Spence’s arrangement to supply farm-to-table restaurants with food and also be identified as a culinary farmer is part of the farm-to-table movement in which farmers directly connect with chefs. When asked how he came up with the term “culinary farming,” Spence clarified, “I ponder food and the realities of it a lot. I feel there is a real education piece around the farming of food products and farming with commodity products. No disrespect to commodity farming, but please tell me what it is that you eat, that corn, soybeans and wheat aren’t part of these days. So the creation of the term “culinary farming” was meant to refocus farming on food and culinary experiences, whether it be fresh fruits and vegetables, meats, or even grains for things like bread, pasta, beer, etc.”
Sometimes shopping at farmers’ markets is a way of supporting local farmers, so long as you employ a very liberal definition of the term local. Spence’s definition of local starts with putting food traceability at the tips of consumer’s fingers. He is passionate about buying locally but just as passionate about authenticating local products. He starts by posing a series of hypothetical questions for consumers to ask to determine the origin of products: What is the name of the farm? Where is it located? What do they grow? What is the history of that particular farm? To Spence, the idea of local food production and consumption is very important but the reality of actually supporting small to medium-sized family farms is just as, if not more, important.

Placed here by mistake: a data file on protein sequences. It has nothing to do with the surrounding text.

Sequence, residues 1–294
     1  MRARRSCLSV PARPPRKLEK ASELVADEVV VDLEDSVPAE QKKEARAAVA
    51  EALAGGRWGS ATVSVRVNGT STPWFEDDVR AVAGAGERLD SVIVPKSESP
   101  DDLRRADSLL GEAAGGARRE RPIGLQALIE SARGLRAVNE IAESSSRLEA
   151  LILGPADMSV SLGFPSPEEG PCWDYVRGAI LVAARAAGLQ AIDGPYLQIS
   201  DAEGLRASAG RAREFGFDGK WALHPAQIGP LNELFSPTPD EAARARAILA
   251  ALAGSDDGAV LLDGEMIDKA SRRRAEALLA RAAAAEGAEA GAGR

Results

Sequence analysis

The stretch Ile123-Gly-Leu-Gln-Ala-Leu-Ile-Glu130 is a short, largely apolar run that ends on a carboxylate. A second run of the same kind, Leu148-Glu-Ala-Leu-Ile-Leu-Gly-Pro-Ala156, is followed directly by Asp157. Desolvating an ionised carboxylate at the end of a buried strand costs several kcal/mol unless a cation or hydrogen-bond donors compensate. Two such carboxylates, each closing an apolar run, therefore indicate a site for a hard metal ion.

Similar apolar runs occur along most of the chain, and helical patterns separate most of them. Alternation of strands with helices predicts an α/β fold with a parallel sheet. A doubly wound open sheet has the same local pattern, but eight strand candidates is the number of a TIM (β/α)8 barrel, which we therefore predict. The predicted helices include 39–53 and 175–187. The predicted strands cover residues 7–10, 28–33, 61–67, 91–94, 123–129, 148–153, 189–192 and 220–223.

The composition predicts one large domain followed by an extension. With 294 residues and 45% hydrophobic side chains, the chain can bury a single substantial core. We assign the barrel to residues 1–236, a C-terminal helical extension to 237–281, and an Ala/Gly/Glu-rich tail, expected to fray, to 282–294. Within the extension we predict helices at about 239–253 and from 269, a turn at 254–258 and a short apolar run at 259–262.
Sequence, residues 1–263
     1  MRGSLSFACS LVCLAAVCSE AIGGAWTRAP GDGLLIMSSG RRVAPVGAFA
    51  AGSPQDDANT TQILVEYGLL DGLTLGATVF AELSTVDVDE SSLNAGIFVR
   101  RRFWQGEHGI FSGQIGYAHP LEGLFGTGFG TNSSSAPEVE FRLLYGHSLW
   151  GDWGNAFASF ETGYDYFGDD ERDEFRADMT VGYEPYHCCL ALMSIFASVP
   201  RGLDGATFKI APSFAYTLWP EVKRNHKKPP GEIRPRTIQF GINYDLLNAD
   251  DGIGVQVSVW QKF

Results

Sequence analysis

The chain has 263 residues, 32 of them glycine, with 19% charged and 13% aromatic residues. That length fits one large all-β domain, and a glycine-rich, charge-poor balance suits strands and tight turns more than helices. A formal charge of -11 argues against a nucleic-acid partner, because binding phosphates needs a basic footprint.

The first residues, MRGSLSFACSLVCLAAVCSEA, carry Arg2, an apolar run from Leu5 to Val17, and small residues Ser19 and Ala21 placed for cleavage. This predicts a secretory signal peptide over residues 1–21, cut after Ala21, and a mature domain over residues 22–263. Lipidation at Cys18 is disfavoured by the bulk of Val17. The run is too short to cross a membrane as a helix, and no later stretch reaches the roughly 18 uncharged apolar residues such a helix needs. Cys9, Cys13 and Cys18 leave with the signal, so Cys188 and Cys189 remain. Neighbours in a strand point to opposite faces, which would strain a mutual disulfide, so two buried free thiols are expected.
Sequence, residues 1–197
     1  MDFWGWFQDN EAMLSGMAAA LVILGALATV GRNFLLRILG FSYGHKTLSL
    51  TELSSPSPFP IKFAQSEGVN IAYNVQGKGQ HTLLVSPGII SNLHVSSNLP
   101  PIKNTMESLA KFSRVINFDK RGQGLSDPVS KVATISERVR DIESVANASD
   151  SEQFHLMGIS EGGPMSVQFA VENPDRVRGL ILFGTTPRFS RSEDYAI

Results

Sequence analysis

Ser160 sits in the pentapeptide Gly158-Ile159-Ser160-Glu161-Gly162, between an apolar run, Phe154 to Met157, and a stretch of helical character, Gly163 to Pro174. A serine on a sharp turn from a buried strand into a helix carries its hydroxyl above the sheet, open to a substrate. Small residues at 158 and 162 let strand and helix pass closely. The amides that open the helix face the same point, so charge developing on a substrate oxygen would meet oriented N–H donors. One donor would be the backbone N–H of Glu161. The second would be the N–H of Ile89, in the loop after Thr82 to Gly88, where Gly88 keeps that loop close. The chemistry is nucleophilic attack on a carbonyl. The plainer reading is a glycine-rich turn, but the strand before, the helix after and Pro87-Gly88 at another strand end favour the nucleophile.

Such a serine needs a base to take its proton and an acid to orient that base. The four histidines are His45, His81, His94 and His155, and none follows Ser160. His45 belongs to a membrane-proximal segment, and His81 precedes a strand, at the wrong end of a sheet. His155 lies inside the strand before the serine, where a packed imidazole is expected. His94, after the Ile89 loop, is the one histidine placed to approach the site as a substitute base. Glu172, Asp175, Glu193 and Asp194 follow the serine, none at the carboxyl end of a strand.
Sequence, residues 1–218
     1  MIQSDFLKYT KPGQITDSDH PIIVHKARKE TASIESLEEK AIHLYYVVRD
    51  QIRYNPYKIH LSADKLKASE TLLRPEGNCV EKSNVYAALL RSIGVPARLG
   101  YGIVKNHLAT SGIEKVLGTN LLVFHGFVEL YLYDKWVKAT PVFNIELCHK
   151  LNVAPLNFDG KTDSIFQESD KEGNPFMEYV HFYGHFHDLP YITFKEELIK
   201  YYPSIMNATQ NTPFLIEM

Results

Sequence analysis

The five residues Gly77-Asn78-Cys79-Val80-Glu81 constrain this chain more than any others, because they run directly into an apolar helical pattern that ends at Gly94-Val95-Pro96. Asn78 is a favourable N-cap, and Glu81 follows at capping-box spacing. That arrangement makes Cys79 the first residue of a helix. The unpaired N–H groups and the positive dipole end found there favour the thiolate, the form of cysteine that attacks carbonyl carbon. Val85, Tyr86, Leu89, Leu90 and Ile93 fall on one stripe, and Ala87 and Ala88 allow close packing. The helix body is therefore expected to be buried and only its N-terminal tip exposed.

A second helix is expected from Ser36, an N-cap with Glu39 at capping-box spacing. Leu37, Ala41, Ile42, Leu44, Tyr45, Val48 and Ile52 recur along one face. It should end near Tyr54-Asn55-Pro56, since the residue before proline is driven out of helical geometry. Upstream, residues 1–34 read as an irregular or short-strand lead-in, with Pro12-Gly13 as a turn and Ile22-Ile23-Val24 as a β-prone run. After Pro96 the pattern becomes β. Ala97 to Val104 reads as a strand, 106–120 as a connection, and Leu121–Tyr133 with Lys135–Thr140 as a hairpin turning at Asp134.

Farmers’ markets have boomed across the continent, and most cities have a group of stalwart culinary farmers that cater to committed locavores and culinary enthusiasts. At many urban farmers’ markets, it is now assumed one is willing to pay a premium for certain items because they are local. I asked Spence if he thought this was true. He replied, “To an extent, local food needs to be affordable and accessible so that the masses can participate, and not just the upper social economic groups. That being said, we also need to re-educate consumers that the price of most, if not all foods, is completely misguided. My belief is farmers should be entrusted to set their own fair price so that they can have an income that reflects the level of work and commitment that goes into their products.”
However, in reality, one of the difficulties with traditional farming is that someone else tells you what your product is worth. The truth is that the mounting disparity between what small-scale farmers produce and what they earn continues to drive farmers off their land. Locally, farm-to-table restaurants, farmers’ markets and events like the London Training Centre’s successful annual Feastival and the C-K Table are the closest many consumers come to being in touch with the origins of their food. In the meantime, we need to encourage culinary farmers, support local procurement policies, and validate advocates of sustainable food strategies, like Spence and many others in our communities, who continue to make a difference.
BRYAN LAVERY is eatdrink’s Food Editor and Writer at Large.
Unless otherwise identified, photos courtesy of Chatham-Kent Table. Feature image credit Casting Memories, Photography by Melissa Doyle.